UK announces 449 more coronavirus deaths - WORLD IN FOCUS

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Monday, 20 April 2020

UK announces 449 more coronavirus deaths

UK announces 449 more coronavirus deaths - the fewest for a fortnight as leading expert argues Britain's crisis peaked BEFORE lockdown and claims fatality rate could be as low as 0.1%

The UK has today announced 449 more coronavirus deaths - the fewest for a fortnight - taking Britain's total death toll to 16,509.
England declared 429 deaths and a further 20 were confirmed across Scotland, Wales and Northern Ireland. And 4,676 more people have tested positive for the virus, taking the total number of patients to 124,743.
The day's death toll is a fall on the 596 fatalities announced yesterday, Sunday, and half as many as the day before that (888). It is the lowest number for a fortnight, since April 6 when 439 victims were confirmed.
Although the statistics are known to drop after a weekend, the sharp fall adds to evidence that the peak of the UK's epidemic has blown over. 
At today's daily Government briefing, Chancellor Rishi Sunak said 17,971 people are still in hospital battling the coronavirus. Professor Dame Angela McLean, chief scientific adviser for the Ministry of Defence, said the number of people in hospital has now been falling in London for seven days in a row and that officials 'looked forward' to seeing the same trend play out in other regions across the country.
Mr Sunak said more than 140,000 companies had applied to the Government's furlough scheme for grants to help cover the wages of more a million people, and he announced more money would be made available for early-stage businesses to help them set up during the economic turmoil.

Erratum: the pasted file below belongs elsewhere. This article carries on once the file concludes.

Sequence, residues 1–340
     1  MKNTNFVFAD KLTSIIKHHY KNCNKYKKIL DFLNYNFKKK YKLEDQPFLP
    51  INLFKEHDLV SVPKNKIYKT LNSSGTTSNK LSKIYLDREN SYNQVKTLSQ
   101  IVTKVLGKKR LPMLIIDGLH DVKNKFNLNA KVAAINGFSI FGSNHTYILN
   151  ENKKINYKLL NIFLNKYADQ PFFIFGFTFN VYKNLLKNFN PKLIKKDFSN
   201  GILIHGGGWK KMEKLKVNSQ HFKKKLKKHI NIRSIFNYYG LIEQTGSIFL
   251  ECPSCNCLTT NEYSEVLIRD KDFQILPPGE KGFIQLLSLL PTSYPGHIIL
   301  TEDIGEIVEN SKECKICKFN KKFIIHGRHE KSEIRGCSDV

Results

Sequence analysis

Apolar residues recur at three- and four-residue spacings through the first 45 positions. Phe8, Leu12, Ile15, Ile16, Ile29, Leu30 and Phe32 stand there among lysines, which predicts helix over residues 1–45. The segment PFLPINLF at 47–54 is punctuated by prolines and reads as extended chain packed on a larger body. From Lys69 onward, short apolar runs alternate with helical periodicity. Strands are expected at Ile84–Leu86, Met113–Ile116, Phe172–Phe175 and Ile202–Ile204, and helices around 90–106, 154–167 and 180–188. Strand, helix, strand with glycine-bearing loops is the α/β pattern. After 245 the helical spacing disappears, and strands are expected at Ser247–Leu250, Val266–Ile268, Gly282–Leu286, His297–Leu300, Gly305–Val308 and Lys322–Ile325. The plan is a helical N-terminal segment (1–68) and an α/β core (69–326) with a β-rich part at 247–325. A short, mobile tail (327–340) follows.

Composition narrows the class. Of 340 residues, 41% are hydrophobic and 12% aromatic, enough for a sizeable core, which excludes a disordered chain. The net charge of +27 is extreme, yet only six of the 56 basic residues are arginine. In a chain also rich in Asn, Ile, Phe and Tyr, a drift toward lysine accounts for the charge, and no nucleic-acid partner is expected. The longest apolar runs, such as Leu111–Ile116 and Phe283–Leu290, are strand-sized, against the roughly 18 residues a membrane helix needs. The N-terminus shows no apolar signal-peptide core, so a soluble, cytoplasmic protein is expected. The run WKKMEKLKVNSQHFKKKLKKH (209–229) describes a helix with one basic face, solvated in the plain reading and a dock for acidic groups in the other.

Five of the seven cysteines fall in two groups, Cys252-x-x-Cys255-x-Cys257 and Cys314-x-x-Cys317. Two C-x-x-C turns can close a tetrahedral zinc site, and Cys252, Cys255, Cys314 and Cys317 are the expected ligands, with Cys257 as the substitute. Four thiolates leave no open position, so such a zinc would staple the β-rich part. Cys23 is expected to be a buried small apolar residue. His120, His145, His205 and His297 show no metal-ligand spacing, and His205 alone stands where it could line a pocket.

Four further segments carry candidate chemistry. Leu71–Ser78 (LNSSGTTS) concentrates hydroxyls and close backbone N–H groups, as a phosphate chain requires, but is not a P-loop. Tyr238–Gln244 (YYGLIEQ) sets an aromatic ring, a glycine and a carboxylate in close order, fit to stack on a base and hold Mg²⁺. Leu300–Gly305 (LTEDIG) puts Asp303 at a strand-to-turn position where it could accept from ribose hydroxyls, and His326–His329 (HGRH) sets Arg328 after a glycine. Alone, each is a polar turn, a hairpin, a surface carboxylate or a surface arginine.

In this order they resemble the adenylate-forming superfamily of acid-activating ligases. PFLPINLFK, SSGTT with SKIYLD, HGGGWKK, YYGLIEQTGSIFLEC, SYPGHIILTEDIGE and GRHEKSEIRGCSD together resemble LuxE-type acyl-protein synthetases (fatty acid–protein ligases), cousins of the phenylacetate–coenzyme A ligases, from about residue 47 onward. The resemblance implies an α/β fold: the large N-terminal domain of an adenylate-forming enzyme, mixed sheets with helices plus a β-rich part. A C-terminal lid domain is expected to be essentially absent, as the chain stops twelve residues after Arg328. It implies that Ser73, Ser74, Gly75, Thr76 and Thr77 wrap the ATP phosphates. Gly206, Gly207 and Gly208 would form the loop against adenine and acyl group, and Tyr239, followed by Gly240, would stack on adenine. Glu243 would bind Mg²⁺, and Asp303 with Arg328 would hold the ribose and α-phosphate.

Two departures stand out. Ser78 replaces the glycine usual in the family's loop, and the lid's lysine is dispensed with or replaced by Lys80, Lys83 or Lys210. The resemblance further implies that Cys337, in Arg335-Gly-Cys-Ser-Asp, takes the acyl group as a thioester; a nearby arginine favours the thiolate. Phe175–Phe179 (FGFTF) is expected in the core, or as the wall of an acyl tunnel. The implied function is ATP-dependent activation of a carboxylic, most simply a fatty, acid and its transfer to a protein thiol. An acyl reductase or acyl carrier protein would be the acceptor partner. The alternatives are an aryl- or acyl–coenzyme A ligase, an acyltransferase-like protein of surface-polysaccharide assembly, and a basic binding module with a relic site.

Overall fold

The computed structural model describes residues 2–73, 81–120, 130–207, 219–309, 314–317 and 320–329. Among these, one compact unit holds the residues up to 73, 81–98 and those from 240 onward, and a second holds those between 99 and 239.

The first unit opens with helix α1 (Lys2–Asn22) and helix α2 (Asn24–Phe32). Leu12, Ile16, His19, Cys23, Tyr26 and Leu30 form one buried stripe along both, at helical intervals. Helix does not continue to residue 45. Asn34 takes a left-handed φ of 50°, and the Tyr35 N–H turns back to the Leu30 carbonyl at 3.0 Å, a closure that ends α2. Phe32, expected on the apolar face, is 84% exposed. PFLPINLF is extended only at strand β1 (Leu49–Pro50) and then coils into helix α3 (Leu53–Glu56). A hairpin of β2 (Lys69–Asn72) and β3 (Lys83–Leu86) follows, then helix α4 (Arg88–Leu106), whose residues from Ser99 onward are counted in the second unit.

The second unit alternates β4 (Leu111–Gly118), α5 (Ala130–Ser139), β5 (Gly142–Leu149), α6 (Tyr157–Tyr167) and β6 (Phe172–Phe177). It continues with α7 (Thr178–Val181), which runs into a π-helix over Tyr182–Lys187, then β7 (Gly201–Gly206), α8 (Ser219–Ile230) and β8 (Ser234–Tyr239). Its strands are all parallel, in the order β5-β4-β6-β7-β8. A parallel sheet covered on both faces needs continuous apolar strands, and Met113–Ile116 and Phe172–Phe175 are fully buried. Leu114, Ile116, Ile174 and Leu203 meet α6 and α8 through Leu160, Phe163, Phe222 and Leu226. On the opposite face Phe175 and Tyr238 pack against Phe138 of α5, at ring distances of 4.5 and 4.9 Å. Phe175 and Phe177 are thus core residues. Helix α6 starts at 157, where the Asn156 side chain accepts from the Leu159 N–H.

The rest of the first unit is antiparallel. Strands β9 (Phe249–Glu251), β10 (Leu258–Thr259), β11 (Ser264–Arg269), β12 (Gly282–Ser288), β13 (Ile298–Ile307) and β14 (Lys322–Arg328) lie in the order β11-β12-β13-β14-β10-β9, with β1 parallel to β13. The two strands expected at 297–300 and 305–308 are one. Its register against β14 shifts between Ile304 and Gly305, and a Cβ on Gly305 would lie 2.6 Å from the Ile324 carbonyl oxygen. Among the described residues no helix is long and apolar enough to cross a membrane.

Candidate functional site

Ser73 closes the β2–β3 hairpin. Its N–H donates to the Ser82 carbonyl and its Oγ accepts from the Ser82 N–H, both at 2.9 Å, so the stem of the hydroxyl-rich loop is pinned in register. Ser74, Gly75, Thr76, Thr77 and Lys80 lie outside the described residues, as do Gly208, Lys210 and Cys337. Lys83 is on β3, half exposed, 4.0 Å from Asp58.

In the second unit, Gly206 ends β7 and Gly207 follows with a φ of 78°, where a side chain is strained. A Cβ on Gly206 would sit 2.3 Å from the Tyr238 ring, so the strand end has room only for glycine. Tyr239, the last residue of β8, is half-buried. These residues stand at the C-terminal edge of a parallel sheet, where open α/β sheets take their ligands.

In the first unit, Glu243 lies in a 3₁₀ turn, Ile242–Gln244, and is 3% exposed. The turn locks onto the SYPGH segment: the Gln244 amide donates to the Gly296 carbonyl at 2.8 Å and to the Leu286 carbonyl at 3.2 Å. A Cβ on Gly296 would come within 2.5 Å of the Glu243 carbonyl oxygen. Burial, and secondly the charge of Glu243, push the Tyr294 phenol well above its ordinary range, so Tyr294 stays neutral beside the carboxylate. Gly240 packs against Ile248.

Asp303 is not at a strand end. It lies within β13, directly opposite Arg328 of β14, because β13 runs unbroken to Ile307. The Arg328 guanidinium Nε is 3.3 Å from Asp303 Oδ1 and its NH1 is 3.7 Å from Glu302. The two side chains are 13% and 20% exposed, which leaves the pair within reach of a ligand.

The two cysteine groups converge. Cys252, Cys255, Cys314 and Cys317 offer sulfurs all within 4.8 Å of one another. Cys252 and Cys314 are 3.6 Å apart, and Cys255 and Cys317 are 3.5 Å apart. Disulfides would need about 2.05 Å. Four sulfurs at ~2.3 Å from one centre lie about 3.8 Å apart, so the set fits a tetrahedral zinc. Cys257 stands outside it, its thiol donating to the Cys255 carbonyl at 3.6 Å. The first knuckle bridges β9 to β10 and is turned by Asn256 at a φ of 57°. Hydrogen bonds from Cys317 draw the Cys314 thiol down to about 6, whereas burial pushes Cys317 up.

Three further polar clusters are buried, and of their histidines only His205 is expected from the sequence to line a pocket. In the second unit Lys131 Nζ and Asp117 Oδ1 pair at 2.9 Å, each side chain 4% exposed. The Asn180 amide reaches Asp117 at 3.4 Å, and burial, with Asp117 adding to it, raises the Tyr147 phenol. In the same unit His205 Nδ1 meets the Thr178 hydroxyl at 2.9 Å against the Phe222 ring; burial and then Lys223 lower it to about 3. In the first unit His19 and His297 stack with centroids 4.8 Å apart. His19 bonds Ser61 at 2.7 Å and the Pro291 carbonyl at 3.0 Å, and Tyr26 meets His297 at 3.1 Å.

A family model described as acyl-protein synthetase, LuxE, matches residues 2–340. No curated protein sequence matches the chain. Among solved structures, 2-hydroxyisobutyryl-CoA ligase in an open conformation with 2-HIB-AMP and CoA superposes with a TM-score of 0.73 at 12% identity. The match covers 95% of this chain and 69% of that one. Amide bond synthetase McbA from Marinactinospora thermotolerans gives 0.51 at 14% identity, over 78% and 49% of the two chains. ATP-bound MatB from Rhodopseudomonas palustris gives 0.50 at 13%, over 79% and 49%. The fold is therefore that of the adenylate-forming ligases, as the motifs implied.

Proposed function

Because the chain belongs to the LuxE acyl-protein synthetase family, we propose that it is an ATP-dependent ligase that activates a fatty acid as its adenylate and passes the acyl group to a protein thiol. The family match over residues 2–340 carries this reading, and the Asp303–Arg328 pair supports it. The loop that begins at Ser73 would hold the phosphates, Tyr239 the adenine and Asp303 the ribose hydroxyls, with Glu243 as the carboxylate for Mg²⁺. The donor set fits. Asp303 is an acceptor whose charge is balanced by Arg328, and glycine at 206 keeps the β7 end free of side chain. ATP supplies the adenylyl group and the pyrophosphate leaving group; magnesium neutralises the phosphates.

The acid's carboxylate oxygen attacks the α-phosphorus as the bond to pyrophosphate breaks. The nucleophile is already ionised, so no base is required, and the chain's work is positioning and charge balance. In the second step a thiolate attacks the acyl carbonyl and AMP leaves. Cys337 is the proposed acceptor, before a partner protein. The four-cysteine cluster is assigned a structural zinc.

Royal College of GP data shows the number of people with flu-like illness in England and Wales dropped by 50 per cent when hand-washing and social distancing was encouraged on March 16. Professor Heneghan says this is evidence full lockdown was not necessary 

It comes as a leading expert at the University of Oxford has argued the peak was actually about a month ago, a week before lockdown started on March 23, and that the draconian measures people are now living with were unnecessary.
Professor Carl Heneghan claims data shows infection rates halved after the Government launched a public information campaign on March 16 urging people to wash their hands and keep two metres (6'6") away from others. 
He said ministers 'lost sight' of the evidence and rushed into a nationwide quarantine six days later after being instructed by scientific advisers who he claims have been 'consistently wrong' during the crisis. 
Professor Heneghan hailed Sweden - which has not enforced a lockdown despite fierce criticism - for 'holding its nerve' and avoiding a 'doomsday scenario'. The country has recorded just 392 new patients and 40 deaths today, approximately 10 per cent of the UK's figures. Britain's diagnoses have not been announced yet.
In separate research, the Oxford professor said he estimates that the true death rate among people who catch the virus is between 0.1 and 0.36 per cent, considerably lower than the 13 per cent currently playing out in the UK.

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